Are you counting on tax deductions for costs related to holding vacant land?
Proposed amendments to the tax law currently before Parliament mean that if you:
hold vacant land that you currently earn assessable income from by renting it out to an unrelated party (e.g. under a rental or agistment arrangement); or
are contemplating purchasing vacant land with a view to:
renting it out either immediately or in the future; or
constructing a building on the land to be rented out on completion
then, contrary to your likely expectations, from 1 July 2019 you may not be allowed a tax deduction for holding costs (such as council rates, land tax, maintenance costs, and interest or any other ongoing costs of borrowing to acquire the land) incurred by you in relation to that land except in limited circumstances.
Holders of vacant land potentially caught by the new rules include individuals, trustees of private trusts and trustees of SMSFs.
Land will be 'vacant land' if there is no substantial and permanent structure that is in use or available for use on the land that has a purpose that is independent of, and not incidental to, the purpose of any other structure or proposed structure. Residential premises that have been constructed, or substantially renovated, by a landholder while it holds the land will not qualify as a structure for these purposes until those residential premises are lawfully able to be occupied and are either leased, hired or licensed or available for lease, hire or licence.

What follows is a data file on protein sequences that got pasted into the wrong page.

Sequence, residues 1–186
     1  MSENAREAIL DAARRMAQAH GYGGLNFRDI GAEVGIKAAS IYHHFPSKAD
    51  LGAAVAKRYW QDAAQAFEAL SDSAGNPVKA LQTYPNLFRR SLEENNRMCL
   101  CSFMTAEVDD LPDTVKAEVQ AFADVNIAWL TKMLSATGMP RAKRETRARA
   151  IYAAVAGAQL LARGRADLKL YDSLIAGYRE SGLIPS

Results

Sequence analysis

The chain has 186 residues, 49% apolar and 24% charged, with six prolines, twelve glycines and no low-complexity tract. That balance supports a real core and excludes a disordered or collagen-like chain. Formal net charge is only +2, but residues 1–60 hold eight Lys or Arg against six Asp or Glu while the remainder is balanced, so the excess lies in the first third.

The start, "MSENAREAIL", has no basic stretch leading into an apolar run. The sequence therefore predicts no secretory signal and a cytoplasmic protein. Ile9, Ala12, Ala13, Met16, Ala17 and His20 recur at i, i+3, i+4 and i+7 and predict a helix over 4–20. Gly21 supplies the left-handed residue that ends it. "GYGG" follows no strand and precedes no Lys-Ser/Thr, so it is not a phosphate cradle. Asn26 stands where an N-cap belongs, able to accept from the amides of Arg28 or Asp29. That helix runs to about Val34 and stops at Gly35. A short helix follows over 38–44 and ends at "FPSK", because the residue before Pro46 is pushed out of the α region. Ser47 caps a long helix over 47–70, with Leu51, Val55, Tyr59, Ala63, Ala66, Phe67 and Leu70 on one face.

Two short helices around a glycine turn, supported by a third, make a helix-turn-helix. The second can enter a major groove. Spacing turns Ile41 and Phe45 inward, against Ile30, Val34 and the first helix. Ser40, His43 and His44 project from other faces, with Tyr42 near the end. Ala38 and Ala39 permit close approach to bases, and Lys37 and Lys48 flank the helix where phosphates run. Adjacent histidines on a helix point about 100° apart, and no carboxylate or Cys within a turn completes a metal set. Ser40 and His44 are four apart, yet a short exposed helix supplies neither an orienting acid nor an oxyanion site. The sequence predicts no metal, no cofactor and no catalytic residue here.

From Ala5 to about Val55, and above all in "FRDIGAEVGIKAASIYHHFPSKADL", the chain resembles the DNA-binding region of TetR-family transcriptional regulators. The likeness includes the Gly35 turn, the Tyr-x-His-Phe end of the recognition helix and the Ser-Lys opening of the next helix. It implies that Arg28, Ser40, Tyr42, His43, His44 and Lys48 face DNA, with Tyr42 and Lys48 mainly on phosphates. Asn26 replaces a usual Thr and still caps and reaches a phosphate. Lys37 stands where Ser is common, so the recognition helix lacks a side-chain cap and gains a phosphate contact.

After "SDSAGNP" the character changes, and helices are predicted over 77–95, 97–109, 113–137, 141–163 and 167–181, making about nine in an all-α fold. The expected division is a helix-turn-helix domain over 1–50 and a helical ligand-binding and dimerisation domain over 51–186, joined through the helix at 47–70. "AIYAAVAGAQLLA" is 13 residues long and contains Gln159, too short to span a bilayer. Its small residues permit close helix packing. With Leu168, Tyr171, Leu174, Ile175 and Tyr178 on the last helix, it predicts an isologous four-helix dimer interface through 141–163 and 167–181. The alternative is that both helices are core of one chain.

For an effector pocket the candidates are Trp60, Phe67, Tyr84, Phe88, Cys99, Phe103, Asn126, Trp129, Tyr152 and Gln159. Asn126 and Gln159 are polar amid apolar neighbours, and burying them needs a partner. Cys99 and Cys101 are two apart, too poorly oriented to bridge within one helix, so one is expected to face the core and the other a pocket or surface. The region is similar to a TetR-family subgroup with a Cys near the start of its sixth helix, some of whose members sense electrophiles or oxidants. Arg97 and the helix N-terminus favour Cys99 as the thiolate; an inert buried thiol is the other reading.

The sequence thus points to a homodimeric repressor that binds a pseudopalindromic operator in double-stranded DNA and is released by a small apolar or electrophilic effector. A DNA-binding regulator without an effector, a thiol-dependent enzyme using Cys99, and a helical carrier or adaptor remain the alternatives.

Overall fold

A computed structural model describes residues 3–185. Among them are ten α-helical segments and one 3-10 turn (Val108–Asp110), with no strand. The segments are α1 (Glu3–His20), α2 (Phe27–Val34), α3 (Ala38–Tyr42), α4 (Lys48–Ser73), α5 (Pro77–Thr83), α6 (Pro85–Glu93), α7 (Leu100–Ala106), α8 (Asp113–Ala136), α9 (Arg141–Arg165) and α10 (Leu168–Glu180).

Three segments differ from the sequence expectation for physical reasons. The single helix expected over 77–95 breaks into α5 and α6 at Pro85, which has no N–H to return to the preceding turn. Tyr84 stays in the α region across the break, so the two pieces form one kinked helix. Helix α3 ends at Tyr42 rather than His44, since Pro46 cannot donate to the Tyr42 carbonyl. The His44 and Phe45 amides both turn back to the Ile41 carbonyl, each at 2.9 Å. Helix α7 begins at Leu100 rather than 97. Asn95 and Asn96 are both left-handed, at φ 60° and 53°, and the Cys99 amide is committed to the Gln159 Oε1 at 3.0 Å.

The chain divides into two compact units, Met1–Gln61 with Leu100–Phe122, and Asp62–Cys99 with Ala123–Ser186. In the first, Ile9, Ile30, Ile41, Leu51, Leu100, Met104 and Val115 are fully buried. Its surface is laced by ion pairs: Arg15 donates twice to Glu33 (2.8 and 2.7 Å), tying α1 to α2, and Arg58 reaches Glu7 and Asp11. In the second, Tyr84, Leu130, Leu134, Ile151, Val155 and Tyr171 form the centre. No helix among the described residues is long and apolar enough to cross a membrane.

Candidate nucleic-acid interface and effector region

An exception will apply to the extent that the land is in use, or available for use, in carrying on a business for the purpose of gaining or producing assessable income for the holder. An exception will also apply to the extent that the land is used in the business of certain related persons and entities.
Losses or outgoings that are not deductible in an income year as a result of the new rules may be able to be included in the cost base of the land for CGT purposes.
If you think you may be affected by these measures please contact us or your tax agent.